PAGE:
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Question 1 of 9
Which of the following nouns has an irregular plural form?

Idioms about drum

    beat the drum, to promote, publicize, or advertise: The boss is out beating the drum for a new product.

Origin of drum

1
First recorded in 1535–45; of uncertain origin; probably a back formation from drumslade “drum, drummer,” alteration of Dutch or Low German trommelslag “drumbeat,” equivalent to trommel “drum” + slag “a beat”; cognate with slay

OTHER WORDS FROM drum

un·der·drum·ming, noun

Other definitions for drum (2 of 2)

drum2
[ druhm ]
/ drʌm /

noun Scot., Irish English.
a long, narrow hill or ridge.

Origin of drum

2
First recorded in 1725–35; from Irish and Scots Gaelic druim, of unknown origin
Dictionary.com Unabridged Based on the Random House Unabridged Dictionary, © Random House, Inc. 2022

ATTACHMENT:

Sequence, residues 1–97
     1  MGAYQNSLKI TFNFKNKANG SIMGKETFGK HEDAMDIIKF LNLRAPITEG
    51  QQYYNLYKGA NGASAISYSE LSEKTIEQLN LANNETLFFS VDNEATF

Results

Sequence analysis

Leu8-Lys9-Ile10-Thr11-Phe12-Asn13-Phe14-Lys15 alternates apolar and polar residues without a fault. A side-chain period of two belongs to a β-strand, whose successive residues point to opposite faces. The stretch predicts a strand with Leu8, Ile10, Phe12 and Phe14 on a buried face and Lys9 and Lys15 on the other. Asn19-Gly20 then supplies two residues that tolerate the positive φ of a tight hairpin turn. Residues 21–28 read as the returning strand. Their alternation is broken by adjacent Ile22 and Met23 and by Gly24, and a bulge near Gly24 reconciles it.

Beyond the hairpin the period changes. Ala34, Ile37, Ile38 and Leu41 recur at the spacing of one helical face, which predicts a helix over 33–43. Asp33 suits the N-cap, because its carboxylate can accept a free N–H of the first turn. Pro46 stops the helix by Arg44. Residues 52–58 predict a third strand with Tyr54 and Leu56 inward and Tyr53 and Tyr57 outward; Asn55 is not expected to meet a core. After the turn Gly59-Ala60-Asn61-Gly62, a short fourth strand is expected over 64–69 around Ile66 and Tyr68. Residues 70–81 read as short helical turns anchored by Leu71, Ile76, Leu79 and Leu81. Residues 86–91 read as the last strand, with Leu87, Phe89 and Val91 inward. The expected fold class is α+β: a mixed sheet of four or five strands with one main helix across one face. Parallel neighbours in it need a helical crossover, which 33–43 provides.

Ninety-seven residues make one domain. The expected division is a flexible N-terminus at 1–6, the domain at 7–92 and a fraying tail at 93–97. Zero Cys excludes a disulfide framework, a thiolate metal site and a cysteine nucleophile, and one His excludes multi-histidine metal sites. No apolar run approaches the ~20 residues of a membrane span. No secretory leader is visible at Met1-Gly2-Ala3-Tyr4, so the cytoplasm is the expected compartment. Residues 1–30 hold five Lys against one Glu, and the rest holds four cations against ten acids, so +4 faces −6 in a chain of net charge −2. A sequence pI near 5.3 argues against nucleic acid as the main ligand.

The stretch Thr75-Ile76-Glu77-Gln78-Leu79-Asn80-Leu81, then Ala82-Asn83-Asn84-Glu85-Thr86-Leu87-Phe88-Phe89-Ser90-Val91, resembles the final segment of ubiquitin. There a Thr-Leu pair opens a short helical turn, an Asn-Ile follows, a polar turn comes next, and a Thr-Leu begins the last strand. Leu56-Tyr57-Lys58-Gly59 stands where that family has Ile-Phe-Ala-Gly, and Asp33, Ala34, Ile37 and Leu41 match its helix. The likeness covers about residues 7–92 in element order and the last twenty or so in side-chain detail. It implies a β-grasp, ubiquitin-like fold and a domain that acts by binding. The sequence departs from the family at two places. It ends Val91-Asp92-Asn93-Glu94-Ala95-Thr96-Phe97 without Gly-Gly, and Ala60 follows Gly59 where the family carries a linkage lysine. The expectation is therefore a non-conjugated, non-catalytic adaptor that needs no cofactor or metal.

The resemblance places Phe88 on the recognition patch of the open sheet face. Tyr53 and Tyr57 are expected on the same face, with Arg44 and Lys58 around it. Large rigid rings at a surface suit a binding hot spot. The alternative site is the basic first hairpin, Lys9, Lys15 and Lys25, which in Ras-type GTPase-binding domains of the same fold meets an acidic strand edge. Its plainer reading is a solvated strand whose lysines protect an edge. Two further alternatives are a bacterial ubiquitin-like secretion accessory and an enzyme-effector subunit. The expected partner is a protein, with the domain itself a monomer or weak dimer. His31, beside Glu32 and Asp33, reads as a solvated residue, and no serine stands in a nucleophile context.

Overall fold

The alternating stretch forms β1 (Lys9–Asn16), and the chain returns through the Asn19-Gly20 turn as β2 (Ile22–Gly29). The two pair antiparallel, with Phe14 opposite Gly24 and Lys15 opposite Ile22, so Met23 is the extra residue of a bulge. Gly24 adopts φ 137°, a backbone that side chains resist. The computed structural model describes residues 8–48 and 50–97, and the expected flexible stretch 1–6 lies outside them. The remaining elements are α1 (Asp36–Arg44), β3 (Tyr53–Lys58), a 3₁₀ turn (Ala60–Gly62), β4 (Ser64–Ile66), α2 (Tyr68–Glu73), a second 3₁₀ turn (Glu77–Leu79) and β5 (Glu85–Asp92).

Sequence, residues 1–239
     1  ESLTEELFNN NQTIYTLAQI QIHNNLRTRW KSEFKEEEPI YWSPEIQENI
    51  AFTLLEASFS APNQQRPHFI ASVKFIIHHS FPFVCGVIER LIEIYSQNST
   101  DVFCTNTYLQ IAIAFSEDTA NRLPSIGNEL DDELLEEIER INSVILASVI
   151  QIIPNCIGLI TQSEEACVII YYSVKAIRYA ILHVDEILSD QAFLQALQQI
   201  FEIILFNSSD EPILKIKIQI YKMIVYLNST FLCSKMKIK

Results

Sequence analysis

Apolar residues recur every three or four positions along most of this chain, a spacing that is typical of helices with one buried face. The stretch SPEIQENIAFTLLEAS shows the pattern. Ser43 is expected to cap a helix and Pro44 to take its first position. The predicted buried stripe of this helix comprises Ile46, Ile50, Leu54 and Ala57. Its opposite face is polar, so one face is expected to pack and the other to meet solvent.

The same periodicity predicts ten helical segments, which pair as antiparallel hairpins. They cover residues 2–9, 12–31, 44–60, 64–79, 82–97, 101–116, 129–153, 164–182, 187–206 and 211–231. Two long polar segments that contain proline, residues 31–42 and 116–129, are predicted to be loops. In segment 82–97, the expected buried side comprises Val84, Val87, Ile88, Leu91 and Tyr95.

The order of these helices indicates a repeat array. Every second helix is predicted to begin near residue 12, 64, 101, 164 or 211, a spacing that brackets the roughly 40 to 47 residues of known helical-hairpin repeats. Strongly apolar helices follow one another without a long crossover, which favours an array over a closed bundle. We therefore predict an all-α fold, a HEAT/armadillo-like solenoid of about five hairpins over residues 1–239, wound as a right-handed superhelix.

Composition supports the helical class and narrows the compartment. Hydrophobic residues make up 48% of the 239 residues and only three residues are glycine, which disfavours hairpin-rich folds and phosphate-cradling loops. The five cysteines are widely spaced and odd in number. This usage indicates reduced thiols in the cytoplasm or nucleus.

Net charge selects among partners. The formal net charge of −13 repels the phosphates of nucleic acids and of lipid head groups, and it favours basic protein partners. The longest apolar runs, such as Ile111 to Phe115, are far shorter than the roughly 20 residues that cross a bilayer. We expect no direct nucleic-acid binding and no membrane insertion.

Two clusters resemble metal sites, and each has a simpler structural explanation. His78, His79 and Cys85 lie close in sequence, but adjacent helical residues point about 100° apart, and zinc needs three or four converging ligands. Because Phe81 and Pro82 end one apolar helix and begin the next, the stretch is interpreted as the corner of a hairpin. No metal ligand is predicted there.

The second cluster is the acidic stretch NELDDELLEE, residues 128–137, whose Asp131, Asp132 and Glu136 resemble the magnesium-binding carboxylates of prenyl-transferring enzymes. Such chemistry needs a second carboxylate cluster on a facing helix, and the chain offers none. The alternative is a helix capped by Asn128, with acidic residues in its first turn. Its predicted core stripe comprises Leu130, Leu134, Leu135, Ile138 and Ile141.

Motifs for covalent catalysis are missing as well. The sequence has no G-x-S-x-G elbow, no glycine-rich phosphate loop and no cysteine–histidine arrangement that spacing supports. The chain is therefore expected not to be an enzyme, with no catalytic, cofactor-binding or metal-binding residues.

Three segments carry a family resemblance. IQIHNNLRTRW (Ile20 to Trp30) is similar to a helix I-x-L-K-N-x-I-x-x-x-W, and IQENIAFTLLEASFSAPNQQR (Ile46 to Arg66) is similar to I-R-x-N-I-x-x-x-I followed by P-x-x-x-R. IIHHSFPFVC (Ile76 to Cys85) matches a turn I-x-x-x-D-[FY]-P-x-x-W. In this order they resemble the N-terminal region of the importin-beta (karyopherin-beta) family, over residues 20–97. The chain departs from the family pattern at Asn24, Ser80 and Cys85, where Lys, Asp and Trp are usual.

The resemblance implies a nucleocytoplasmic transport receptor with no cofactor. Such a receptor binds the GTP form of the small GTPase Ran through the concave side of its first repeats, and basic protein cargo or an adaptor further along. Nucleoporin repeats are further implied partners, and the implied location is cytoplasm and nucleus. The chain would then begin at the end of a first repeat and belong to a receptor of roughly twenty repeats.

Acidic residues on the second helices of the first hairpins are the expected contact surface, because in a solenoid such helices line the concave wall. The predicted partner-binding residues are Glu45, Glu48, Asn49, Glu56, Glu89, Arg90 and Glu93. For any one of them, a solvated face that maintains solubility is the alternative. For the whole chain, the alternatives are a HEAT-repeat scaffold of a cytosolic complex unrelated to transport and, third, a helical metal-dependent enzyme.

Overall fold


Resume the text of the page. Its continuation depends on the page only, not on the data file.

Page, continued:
How to use drum in a sentence

British Dictionary definitions for drum (1 of 2)

drum1
/ (drʌm) /

noun
verb drums, drumming or drummed
See also drum out, drum up

Word Origin for drum

C16: probably from Middle Dutch tromme, of imitative origin

British Dictionary definitions for drum (2 of 2)

drum2
/ (drʌm) /

noun
Scot and Irish a narrow ridge or hill

Word Origin for drum

C18: from Scottish Gaelic druim
Collins English Dictionary - Complete & Unabridged 2012 Digital Edition © William Collins Sons & Co. Ltd. 1979, 1986 © HarperCollins Publishers 1998, 2000, 2003, 2005, 2006, 2007, 2009, 2012

Medical definitions for drum

drum
[ drŭm ]

n.
eardrum
The American Heritage® Stedman's Medical Dictionary Copyright © 2002, 2001, 1995 by Houghton Mifflin Company. Published by Houghton Mifflin Company.
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